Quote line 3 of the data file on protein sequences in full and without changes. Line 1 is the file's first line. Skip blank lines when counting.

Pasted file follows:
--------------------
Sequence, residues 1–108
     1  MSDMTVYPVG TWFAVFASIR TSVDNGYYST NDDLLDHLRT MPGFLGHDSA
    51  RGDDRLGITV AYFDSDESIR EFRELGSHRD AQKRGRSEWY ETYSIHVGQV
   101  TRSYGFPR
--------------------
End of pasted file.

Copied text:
    51  RGDDRLGITV AYFDSDESIR EFRELGSHRD AQKRGRSEWY ETYSIHVGQV